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16. Ebola Virus Disease anja.boehme.pdf


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BIOTERRORBIBLE.COM: There is an ever expanding list of potential bio-terror agents that could
be used in a bio-terror attack, but anthrax, smallpox and flu are the only “threats” the government
appears worried about. These 3 agents will likely be used the same way that they were used in the
U.S. government bio-terror war-games entitled Dark Winter and Atlantic Storm.
Title: Ebola Virus Disease
Date: 2012
Source: Wikipedia
Abstract: Ebola virus disease (EVD) (or more commonly, Ebola hemorrhagic fever (EHF)) is the
name for the human disease which may be caused by any of the five known ebolaviruses. These five
viruses are: Bundibugyo Ebolavirus (BEBOV or BDBV), Zaire Ebolavirus (ZEBOV or ambiguously,
EBOV), Sudan Ebolavirus (SEBOV or SUDV), Reston Ebolavirus (REBOV) and Taï Forest
virus (TAFV, formerly and more commonly Cote d'Ivoire Ebolavirus (Ivory Coast Ebolavirus,
CIEBOV)). EVD is a viral hemorrhagic fever (VHF), and is clinically nearly indistinguishable
from Marburg virus disease (MVD).
Classification
The genera Ebolavirus and Marburgvirus were originally classified as the species of the nowobsolete Filovirus genus. In March 1998, the Vertebrate Virus Subcommittee proposed in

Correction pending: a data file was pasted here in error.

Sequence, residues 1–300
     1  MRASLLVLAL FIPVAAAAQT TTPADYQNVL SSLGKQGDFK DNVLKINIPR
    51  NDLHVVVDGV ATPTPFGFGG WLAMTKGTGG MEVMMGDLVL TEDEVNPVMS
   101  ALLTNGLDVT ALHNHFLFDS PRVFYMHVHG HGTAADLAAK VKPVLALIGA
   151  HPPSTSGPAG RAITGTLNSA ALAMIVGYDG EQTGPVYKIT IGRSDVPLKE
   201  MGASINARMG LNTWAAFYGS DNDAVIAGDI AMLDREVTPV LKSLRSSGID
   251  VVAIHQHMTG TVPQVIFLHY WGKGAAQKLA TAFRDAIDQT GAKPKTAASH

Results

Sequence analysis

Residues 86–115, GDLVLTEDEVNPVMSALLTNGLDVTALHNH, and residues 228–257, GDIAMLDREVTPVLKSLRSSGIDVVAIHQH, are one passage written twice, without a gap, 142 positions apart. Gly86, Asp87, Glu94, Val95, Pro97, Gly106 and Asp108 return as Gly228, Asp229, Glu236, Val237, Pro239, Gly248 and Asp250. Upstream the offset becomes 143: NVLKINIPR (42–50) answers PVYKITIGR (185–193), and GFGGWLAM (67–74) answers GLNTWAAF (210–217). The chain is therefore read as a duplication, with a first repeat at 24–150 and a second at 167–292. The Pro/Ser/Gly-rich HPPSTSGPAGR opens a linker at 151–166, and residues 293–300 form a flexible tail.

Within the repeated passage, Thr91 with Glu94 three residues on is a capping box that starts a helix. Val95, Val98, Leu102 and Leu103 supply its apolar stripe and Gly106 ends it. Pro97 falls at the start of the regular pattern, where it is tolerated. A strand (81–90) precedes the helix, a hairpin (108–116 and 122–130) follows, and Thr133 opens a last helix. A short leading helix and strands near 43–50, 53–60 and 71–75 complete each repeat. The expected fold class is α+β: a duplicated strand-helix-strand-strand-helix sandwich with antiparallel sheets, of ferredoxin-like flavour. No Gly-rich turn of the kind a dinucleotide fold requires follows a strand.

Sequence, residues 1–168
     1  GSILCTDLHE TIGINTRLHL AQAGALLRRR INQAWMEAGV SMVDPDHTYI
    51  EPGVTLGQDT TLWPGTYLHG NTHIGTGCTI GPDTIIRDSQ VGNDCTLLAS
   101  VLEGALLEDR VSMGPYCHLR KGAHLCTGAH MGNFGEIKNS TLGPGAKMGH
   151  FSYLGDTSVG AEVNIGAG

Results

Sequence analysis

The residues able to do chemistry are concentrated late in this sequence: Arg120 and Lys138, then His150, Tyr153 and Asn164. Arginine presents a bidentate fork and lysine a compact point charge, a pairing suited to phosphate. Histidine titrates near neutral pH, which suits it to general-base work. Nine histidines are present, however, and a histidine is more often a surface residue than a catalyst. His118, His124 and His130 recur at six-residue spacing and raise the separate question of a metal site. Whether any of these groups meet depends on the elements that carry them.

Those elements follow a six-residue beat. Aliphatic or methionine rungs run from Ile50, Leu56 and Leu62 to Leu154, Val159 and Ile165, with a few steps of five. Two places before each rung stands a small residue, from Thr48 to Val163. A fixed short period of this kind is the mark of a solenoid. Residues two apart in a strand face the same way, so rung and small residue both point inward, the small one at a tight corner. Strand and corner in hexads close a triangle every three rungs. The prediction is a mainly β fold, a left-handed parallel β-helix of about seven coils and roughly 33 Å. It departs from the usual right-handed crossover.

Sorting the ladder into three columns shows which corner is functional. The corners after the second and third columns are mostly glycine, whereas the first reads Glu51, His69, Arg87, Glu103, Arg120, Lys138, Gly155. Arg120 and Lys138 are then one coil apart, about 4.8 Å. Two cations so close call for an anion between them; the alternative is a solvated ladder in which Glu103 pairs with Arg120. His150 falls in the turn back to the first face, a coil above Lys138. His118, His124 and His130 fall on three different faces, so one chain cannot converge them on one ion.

the International Committee on Taxonomy of Viruses (ICTV) to change the Filovirus genus to
the Filoviridae family with two specific genera: Ebola-like viruses and Marburg-like viruses. This
proposal was implemented in Washington, D.C., as of April 2001 and in Paris as of July 2002. In 2000
another proposal was made in Washington, D.C., to change the "-like viruses" to "-virus" resulting in
today's Ebolavirus and Marburgvirus
Rates of genetic change are one hundred times slower than influenza A in humans, but on the same
magnitude as those of hepatitis B. Extrapolating backwards using these rates indicates that
Ebolavirus and Marburgvirus diverged several thousand years ago. However, paleoviruses (genomic
fossils) of filoviruses (Filoviridae) found in mammals indicate that the family itself is at least tens of
millions of years old. Viral fossils that are closely related to ebolaviruses have been found in the
genome of the Chinese hamster.
The Five Characterised Ebola Species Are:
Zaire Ebolavirus (ZEBOV)
Also known simply as the Zaire virus, ZEBOV has the highest case-fatality rate, up to 90% in some
epidemics, with an average case fatality rate of approximately 83% over 27 years. There have been
more outbreaks of Zaire ebolavirus than of any other species. The first outbreak took place on 26
August, 1976 in Yambuku. Mabalo Lokela, a 44-year-old schoolteacher, became the first recorded
case. The symptoms resembled malaria, and subsequent patients received quinine. Transmission
has been attributed to reuse of unsterilized needles and close personal contact.
Sudan Ebolavirus (SEBOV)
Like the Zaire virus, SEBOV emerged in 1976; it was at first assumed to be identical with the Zaire
species. SEBOV is believed to have broken out first amongst cotton factory workers in Nzara, Sudan,
with the first case reported as a worker exposed to a potential natural reservoir. Scientists tested local
animals and insects in response to this; however, none tested positive for the virus. The carrier is still
unknown. The lack of barrier nursing (or "bedside isolation") facilitated the spread of the disease. The